A few months back I received some e-mail from Middle Eastern sources which argued that a military build-up on Israel's northern border meant preparations for a new war between Israel, Hezbollah/Lebanon and perhaps even Syria. At the time, the idea, after such pointless bloodletting in 2006 and the clear distaste among the Israeli public for a reoccupation in southern Lebanon, seemed completely far-fetched. Now, after a tree-cutting expedition provoked a major border incident between Israeli Defense Forces and Lebanese regulars, it seems prescient.
There is a point where such projections become self-propelling, i.e., Hezbollah prepares for an assault so much that it provokes an IDF buildup which encourages more arms-seeking across the border which compels great preparation on the Israeli side. You get the idea. After such a self-perpetuating swirl of war-prepping, it doesn't take much, a wrong turn, a small verbal confrontation that escalates into a minor firefight, to provide the spark to the tinder of a more devastating conflict. It will take adroit diplomacy from the U.N. and U.S. State Department to get everyone's finger off the trigger.
Let's hope they are up to the task.
With so much dangerous rhetoric and resentment haunting the region—and a recent spate of provocations—there is little that seems far-fetched anymore. Is it too hard to imagine a new war with Hezbollah drawing Syria and Iran into the conflict? And then is it completely deranged to imagine that Israel will turn to its only ally for more than just material and diplomatic support in such an escalating conflict? Let's trim our trees with care in the coming weeks.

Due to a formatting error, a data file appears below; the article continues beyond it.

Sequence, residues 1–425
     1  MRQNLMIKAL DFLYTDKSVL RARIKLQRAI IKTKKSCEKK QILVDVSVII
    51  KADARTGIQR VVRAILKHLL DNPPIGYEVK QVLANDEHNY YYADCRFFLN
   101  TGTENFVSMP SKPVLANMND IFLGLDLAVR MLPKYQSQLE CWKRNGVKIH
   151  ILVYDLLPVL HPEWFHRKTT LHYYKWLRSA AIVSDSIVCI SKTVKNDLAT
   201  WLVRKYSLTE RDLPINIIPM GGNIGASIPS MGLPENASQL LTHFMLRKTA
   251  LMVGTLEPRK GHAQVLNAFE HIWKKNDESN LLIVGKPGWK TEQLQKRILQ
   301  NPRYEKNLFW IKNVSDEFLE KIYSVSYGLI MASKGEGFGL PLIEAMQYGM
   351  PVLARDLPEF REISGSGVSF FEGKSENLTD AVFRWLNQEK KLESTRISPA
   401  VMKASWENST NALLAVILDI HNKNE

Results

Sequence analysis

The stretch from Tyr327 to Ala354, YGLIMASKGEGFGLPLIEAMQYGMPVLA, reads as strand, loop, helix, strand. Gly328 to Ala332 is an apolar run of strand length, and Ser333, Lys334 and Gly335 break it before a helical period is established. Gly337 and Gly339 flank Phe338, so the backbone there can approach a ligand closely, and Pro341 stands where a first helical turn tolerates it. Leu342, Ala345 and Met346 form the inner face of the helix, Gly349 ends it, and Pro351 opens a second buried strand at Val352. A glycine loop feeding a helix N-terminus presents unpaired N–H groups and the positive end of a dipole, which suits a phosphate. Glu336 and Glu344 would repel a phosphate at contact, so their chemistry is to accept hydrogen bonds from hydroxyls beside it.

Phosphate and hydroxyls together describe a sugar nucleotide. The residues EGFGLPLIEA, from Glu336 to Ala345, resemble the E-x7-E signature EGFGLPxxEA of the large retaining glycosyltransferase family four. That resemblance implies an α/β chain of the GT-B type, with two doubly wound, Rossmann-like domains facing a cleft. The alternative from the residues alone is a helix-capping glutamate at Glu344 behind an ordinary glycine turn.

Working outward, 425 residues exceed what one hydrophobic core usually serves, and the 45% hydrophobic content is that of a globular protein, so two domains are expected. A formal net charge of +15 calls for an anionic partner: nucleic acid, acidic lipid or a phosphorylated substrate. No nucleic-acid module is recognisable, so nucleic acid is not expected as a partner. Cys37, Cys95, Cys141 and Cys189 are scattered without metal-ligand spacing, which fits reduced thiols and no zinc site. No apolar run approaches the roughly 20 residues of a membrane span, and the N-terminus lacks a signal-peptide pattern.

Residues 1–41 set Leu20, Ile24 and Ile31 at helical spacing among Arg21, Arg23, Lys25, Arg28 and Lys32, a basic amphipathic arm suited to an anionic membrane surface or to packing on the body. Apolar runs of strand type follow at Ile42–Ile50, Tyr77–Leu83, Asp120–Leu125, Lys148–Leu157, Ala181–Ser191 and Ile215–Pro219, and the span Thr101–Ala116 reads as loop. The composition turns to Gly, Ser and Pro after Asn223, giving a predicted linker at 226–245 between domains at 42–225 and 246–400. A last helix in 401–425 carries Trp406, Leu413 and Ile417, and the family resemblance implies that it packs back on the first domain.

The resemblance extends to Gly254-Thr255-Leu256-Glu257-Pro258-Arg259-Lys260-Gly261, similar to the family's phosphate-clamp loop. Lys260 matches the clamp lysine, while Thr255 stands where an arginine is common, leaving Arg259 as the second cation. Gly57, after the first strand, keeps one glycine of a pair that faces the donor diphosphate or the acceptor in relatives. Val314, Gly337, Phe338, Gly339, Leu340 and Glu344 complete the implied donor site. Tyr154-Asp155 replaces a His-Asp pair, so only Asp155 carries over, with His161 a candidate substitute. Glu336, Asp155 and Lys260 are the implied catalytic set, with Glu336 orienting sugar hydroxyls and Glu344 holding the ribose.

Haaretz notes in an editorial today ("Restraint is not weakness"): "The government and the IDF have for several months been preparing the Israeli public for the possibility of a war in the north. They are aware of the tremendous political tension in Lebanon, of the struggle Hezbollah is waging against accusations of murdering former prime minister Rafik Hariri more than five years ago, and of the massive diplomatic effort by Saudi Arabia to steady the situation in Lebanon.
"This awareness should have led the government and the IDF to consider more carefully when to cut down a tree near the border. Operation Exposure, as the army is calling the tree cutting, may be necessary to give IDF troops a good view of what is happening in Lebanese territory, but when such an operation can trigger a war, the benefits must be weighed against the risks.... The government and the IDF must understand that not every time is right for demonstrating Israeli sovereignty right up to the last millimeter, certainly not when tension is rising on both sides of the border. Employing restraint and waiting at such a time are not an expression of weakness, but of wisdom and political sensitivity."